Debt forgiveness is not like the $1200 relief checks the government sent out last year, which some experts say added to inflationary pressure. Borrowers won't suddenly have $20,000 deposited in their bank accounts. Instead, they'll be relieved of making loan payments over many years.

President Biden announces student loan relief in the Roosevelt Room of the White House in Washington, D.C. on Aug. 24.
Olivier Douliery / AFP via Getty Images
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AFP via Getty Images
President Biden announces student loan relief in the Roosevelt Room of the White House in Washington, D.C. on Aug. 24.

Because the relief is dribbled out slowly, Ali Bustamante, who's with left-leaning Roosevelt Institute says Biden's move won't move the needle on inflation very much.

"It's just really a drop in the bucket when it come to just the massive level of consumer spending in our very service- and consumer-driven economy," he says.

The White House also notes that borrowers who still have outstanding student debt will have to start making payments again next year. Those payments have been on hold throughout the pandemic.

Restarting them will take money out of borrower's pockets, offsetting some of the additional spending power that comes from loan forgiveness.

Helping lower income Americans or a sop to the rich?

Another big point of contention has to do with fairness.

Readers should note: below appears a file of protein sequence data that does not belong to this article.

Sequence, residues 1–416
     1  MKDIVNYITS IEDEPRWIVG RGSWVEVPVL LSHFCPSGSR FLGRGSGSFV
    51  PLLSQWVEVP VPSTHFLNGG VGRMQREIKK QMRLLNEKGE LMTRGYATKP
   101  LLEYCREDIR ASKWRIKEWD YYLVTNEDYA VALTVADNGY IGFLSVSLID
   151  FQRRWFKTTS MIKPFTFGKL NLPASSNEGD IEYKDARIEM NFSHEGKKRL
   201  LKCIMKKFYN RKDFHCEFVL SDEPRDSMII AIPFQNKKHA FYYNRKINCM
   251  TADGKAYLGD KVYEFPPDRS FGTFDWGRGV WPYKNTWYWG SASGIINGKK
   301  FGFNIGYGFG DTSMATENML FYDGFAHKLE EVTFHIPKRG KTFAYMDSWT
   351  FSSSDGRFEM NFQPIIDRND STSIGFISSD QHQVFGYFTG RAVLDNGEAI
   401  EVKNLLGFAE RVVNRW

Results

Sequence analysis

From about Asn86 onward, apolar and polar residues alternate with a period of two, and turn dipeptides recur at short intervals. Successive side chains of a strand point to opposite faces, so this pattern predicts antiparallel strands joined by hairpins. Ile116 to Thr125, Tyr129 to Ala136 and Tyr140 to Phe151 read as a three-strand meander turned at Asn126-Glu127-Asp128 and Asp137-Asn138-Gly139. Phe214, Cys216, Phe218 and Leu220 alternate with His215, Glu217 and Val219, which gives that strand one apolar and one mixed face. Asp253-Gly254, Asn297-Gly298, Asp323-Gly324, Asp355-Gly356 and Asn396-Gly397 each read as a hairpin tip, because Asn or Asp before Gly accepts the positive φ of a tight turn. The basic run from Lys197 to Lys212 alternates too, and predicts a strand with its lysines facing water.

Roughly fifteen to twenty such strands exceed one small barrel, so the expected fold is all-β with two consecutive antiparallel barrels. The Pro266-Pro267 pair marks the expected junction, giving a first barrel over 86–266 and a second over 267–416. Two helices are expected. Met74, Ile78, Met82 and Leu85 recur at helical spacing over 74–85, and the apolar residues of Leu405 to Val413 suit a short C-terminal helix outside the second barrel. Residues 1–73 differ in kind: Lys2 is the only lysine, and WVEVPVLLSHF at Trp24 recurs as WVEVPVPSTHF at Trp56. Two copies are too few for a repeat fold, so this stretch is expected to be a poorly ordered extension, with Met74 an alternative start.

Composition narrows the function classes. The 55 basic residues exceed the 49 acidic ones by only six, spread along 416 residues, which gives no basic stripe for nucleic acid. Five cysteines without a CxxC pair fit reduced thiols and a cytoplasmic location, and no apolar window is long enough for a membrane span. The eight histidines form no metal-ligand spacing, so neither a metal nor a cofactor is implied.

Forgiving loans would would effectively transfer hundreds of billions of dollars in debt from individuals and families to the federal government, and ultimately, the taxpayers.

Some believe that transfer effectively penalizes people who scrimped and saved to pay for college, as well as the majority of Americans who don't go to college.

They might not mind subsidizing a newly minted social worker, making $25,000 a year. But they might bristle at underwriting debt relief for a business school graduate who's about to go to Wall Street and earn six figures.

Students from George Washington University wear their graduation gowns outside of the White House in Washington, D.C, on May 18. Economists worry President Biden's plan to forgive student loans could encourage more people to take on debt in the hopes of also being forgiven.
Stefani Reynolds / AFP via Getty Images
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AFP via Getty Images